Amygdalin; Food Source, Health Benefits

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Amygdalin is found in almond. Bitter glycoside of the Rosaceae, found especially in kernels of cherries, peaches and apricots. Amygdalin is present in cold-pressed bitter almond oil from the above sources prior to enzymic hydrolysis and steam distillation for food use Amygdalin , C20H27NO11, is a glycoside initially isolated from the seeds of the tree Prunus dulcis, also known as bitter almonds, by Pierre-Jean Robiquet and A. F. Boutron-Charlard in 1803, and subsequently investigated by Liebig and Wohler in 1830, and others. Several other related species in the genus of Prunus, including apricot (Prunus armeniaca) and black cherry (Prunus serotina), also contain amygdalin. It was promoted as a cancer cure by Ernst T. Krebs under the name “Vitamin B17“, but studies have found it to be ineffective. Amygdalin is sometimes confounded with laevomandelonitrile, also called laetrile for short; however, amygdalin and laetrile are different chemical compounds.

Amygdalin is a cyanogenic glucoside isolated from almonds and seeds of other plants of the family Rosaceae. Amygdalin is converted by plant emulsion (a combination of a-glucosidase and a nitrilase) or hydrochloric acid into benzaldehyde, D-glucose, and hydrocyanic acid. (NCI04)

Food Source of Amygdalin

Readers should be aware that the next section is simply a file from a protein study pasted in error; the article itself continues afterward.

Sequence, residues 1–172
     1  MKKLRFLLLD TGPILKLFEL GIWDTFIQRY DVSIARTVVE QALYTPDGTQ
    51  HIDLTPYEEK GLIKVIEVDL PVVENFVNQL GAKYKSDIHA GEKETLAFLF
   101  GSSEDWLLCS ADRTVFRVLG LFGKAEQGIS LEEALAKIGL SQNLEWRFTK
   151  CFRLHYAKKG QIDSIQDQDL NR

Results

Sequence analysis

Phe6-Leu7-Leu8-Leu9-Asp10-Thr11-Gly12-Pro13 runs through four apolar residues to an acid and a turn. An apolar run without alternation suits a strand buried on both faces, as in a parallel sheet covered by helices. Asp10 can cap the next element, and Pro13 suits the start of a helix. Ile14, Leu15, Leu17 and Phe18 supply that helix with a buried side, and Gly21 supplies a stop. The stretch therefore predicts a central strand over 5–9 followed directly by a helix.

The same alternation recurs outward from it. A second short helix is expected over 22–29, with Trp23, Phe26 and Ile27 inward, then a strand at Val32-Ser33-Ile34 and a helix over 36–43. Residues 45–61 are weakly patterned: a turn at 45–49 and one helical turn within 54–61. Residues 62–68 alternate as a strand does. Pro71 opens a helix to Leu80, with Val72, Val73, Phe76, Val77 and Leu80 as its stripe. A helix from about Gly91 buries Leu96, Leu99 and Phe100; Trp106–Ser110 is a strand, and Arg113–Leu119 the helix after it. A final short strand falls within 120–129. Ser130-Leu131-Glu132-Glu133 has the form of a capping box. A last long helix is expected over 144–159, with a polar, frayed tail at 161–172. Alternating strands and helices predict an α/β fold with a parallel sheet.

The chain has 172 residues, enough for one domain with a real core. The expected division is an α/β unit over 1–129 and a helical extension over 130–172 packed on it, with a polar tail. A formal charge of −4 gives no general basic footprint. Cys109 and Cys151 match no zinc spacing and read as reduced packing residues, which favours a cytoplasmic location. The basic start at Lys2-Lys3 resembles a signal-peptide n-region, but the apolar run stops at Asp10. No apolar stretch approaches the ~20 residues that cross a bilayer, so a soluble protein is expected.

Amygdalin is found in almond. Bitter glycoside of the Rosaceae, found especially in kernels of cherries, peaches and apricots. Amygdalin is present in cold-pressed bitter almond oil from the above sources prior to enzymic hydrolysis and steam distillation for food use Amygdalin , C20H27NO11, is a glycoside initially isolated from the seeds of the tree Prunus dulcis, also known as bitter almonds, by Pierre-Jean Robiquet and A. F. Boutron-Charlard in 1803, and subsequently investigated by Liebig and Wohler in 1830, and others. Several other related species in the genus of Prunus, including apricot (Prunus armeniaca) and black cherry (Prunus serotina), also contain amygdalin. It was promoted as a cancer cure by Ernst T. Krebs under the name “Vitamin B17“, but studies have found it to be ineffective. Amygdalin is sometimes confounded with laevomandelonitrile, also called laetrile for short; however, amygdalin and laetrile are different chemical compounds.

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